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Zimbabwe’s diplomats receive fresh marching orders

By Josephine Mugiyo, Diplomatic Correspondent

ZIMBABWE’s ambassadors accredited to various missions have met with President Emmerson Mnangagwa at State House, Harare this Saturday, with discussions centred on the role of the envoys in spurring economic diplomacy as the country works to increase export earnings.

Traditionally, Zimbabwe’s top envoys serving at various missions meet with the President every year, but due to the COVID-19 outbreak, the diplomats had gone for three years without having the crucial meetings.

This Saturday, the tradition was re-ignited as the ambassadors met with the President in a closed-door meeting held at the State House.

The Permanent Secretary in the Ministry of Foreign Affairs and International Trade, Ambassador James Manzou, said the meeting was key as it gave the envoys a platform to get renewed guidance on their expected roles in pursuing economic diplomacy.

Zimbabwe has a target to increase export receipts and likewise, the ambassadors have a role to play.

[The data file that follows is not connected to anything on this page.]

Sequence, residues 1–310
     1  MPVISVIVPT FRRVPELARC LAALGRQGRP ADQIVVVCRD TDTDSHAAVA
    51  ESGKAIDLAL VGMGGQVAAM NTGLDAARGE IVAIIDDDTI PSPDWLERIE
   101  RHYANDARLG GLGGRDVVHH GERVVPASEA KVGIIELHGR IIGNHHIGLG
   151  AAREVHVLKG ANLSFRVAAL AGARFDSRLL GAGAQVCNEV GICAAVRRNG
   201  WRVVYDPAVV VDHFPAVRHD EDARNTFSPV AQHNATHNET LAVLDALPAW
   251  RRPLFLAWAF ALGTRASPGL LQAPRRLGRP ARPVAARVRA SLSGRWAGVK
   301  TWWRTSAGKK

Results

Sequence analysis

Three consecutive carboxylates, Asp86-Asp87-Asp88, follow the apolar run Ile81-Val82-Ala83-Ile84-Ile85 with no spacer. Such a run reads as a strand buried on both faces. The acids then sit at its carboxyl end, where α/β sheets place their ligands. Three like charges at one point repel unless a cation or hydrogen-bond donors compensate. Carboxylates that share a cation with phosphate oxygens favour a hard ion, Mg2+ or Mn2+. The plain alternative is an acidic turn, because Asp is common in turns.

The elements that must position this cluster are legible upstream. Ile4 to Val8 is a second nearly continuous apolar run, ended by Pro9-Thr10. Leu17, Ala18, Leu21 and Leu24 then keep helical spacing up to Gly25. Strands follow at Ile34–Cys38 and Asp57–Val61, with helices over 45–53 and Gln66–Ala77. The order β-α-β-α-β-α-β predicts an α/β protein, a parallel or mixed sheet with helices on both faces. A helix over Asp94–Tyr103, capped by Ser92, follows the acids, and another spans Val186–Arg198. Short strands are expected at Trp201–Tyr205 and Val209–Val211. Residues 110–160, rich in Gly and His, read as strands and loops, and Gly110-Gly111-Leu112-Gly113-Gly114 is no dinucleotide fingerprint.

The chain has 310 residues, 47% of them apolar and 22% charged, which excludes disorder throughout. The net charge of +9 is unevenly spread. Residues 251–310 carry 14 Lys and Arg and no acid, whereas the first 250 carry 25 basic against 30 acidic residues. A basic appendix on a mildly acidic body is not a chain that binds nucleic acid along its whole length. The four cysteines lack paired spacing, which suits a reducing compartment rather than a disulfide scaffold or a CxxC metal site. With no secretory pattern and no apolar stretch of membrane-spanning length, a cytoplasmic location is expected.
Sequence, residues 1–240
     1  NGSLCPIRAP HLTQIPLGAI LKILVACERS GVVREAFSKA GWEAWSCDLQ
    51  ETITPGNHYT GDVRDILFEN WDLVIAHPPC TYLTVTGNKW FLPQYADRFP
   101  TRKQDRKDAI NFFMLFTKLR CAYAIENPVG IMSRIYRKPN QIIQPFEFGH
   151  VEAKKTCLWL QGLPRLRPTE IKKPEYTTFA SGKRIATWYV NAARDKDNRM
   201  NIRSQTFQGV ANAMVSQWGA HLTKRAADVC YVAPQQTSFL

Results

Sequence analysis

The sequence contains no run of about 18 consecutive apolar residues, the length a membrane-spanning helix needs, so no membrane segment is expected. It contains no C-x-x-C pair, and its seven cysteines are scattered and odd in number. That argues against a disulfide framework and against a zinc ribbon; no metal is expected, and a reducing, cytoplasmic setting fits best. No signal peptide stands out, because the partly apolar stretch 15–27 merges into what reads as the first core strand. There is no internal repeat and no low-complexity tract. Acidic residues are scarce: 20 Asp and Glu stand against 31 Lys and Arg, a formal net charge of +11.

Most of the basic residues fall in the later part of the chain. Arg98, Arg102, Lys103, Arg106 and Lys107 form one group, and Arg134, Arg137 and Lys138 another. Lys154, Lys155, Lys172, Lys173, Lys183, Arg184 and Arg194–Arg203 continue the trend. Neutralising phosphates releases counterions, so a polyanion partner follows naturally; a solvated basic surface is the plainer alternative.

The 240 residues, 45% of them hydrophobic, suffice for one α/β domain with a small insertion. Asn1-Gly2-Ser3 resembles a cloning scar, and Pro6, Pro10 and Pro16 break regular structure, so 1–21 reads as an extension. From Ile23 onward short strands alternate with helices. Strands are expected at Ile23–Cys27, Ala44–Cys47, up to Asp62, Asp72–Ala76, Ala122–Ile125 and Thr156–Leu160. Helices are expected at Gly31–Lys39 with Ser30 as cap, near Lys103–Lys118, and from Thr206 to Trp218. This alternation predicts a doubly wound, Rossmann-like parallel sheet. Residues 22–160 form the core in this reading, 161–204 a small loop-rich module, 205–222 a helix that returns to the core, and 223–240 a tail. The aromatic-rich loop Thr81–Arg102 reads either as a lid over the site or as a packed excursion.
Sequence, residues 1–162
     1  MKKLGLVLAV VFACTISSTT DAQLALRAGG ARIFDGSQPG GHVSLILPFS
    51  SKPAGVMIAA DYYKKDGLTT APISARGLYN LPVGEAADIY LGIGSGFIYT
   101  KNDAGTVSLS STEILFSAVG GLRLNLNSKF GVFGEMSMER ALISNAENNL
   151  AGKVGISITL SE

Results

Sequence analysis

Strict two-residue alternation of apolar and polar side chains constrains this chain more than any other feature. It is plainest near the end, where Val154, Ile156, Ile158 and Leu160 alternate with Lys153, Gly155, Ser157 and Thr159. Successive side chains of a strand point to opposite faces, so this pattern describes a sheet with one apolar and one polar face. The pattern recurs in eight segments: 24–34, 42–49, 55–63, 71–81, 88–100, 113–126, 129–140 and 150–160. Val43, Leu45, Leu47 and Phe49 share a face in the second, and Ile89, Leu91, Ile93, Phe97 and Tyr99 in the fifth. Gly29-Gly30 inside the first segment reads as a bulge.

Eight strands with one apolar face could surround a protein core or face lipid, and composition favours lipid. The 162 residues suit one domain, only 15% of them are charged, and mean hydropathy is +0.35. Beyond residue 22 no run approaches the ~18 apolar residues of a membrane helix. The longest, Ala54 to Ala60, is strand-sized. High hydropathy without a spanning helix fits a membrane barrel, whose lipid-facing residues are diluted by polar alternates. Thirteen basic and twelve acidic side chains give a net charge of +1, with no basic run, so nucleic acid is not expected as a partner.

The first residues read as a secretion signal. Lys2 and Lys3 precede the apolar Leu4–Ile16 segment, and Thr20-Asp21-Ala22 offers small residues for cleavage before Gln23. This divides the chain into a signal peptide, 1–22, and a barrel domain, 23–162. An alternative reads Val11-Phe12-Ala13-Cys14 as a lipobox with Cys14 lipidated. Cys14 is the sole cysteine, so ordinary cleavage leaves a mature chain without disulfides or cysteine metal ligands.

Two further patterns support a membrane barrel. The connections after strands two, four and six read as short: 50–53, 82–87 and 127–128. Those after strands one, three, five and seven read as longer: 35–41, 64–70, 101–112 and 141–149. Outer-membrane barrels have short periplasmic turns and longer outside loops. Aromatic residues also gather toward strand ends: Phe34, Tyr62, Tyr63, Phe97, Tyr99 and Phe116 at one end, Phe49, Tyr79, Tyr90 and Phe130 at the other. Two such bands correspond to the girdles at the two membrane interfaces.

“This is a very key meeting where the ambassadors can meet the chief diplomat as they are given fresh guidance by the President who appoints them. They were given clear instructions in Zimbabwe’s diplomacy, remember we say Zimbabwe is a friend to all and an enemy to none. Nyika inovakwa nevene vayo, so the important type of diplomacy now is transactional diplomacy,” said Ambassador Charity Manyeruke, Zimbabwe’s Ambassador to Rwanda.

The engagement and re-engagement drive is paying off, as explained by Professor Manyeruke.

“ZESA and Rwanda e-energy group signed an MOU which has culminated in agreements relating to various agreements such as hydro-electric power generators, street lighting, metering as well as transformers. We are exporting our transformers to Rwanda, that is a big cooperation there. We are, as you are aware, expecting to have a loan facility of US$800 million, so there is a lot of activity going on in terms of that project. It is just the beginning. We are looking forward to more,” she said.

The ambassadors are upbeat on the economic achievements under the Second Republic and are clear of their role as enunciated by the Dean of the Diplomats, Ambassador Kufa Chinoza.

“We have to bring in the investors. It’s our role to bring in the investors,” he said.

During the diplomats’ retreat, which began two weeks ago, the envoys visited several key developmental projects being implemented under the Second Republic, among them the Manhize Steel Plant, the New Parliament Building and the Robert Gabriel Mugabe International Airport.

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